Chocolate sponge cake with almond crunch
Source: Passed down from my aunt

  • 1¼ glasses sugar
  • 6 tbsp water
  • 2½ tbsp cocoa powder
  • ¾ glass plain flour
  • 125gr butter
  • 1 tsp baking powder
  • 1 tsp vanilla extract
  • 3 eggs
  • 1 cup of blanched almonds

Preheat the oven to 200°C. In a deep saucepan mix the water with the sugar and cocoa powder and simmer gently, stirring constantly. As soon as the sugar has melted add the butter and mix until melted. Leave aside to cool slightly.

Separate the eggs, keeping the egg whites and yolks in separate bowls. In a small bowl beat the egg yolks and mix thoroughly into the slightly cooled chocolate mix. Keep one cup of the mix in the fridge.

In another bowl beat the egg whites into a meringue. Fold the egg whites softly but quickly into the chocolate mixture, gradually adding the flour, vanilla extract and baking powder. Pour into a round 20cm spring-form tin and bake for 30 minutes.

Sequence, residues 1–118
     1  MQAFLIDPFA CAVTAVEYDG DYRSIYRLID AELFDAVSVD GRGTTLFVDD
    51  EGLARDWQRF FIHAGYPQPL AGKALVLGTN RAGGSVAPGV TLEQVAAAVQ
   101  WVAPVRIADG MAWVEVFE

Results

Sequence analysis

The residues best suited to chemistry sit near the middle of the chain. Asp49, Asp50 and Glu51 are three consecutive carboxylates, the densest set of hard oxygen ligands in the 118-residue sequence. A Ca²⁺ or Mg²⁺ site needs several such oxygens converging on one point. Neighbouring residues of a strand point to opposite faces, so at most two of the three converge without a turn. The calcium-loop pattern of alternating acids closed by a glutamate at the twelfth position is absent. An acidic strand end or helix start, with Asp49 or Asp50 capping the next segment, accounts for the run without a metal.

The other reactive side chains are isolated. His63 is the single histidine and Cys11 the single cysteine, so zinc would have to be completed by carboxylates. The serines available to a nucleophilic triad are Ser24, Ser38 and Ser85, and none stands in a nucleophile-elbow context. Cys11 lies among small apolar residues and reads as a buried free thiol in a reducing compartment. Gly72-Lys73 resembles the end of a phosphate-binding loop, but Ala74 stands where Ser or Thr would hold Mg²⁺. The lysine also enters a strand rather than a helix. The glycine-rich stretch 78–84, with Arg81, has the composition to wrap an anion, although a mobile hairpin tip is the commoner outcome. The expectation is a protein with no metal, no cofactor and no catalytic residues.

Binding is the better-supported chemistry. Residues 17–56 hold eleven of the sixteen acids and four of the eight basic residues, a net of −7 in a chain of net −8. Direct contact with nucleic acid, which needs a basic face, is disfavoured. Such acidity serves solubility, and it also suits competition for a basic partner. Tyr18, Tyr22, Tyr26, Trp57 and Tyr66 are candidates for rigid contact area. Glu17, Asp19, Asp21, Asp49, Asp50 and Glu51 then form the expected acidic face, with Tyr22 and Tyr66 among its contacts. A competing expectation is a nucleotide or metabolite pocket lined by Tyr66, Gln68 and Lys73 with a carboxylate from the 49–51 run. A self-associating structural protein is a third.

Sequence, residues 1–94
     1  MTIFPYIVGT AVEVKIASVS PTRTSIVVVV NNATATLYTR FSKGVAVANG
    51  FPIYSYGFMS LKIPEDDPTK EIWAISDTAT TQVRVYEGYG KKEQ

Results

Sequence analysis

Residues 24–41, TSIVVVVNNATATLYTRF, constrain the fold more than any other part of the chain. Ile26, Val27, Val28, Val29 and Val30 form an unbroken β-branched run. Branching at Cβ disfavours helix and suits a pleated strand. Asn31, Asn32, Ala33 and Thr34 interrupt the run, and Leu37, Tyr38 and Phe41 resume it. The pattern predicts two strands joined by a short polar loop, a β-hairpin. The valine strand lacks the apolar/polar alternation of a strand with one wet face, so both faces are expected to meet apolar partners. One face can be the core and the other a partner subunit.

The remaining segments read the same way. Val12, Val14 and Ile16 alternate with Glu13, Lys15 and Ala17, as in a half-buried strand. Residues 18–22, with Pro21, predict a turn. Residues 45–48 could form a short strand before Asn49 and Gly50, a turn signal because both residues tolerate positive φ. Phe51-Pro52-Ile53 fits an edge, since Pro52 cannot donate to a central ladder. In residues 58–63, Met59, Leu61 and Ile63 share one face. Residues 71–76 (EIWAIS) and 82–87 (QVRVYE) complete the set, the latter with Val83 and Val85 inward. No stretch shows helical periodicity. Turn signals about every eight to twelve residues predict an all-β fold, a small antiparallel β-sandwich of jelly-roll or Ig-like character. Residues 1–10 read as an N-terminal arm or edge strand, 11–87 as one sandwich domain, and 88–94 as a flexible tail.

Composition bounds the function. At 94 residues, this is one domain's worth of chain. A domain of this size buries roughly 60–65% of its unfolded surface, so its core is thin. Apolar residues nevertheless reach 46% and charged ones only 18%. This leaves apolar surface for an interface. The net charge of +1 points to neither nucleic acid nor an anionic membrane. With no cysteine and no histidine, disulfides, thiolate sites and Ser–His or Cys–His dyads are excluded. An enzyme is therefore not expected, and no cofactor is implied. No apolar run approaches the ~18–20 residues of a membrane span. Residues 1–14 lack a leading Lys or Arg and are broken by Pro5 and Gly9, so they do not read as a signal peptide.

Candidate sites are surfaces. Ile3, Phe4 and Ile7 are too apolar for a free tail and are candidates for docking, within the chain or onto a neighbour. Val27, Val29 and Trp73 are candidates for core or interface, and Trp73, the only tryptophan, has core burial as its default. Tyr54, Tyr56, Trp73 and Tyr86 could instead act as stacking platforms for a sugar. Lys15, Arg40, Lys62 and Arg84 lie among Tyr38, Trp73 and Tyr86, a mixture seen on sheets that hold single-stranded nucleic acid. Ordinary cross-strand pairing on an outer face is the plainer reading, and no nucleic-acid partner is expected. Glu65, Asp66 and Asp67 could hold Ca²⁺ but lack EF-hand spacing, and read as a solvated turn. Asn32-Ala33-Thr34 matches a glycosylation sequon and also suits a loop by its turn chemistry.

In the meantime chop the almonds in small pieces and fry in a pan over medium heat until browned. When the cake is ready and still warm take the cup of chocolate mixture out of the fridge and spoon it evenly over the top. You have to do this while the cake is still warm, so that the chocolate mixture will melt slightly but stick to the top. Finally sprinkle with the toasted almonds, lightly pressing them into the chocolate coating.

Almonds on Foodista

Wednesday, 2 June 2010

Salmon with green pesto and parmesan crust

As a Greek, and especially a Greek who comes from an island (Milos for those who are curious) I learnt to swim (or at least float!) before I learnt how to walk and tried my first fish well before I first talked. While a great variety of fish can be found in the Greek islands, there are some that I would have never discovered if I hadn't left my country. One of them being my beloved salmon.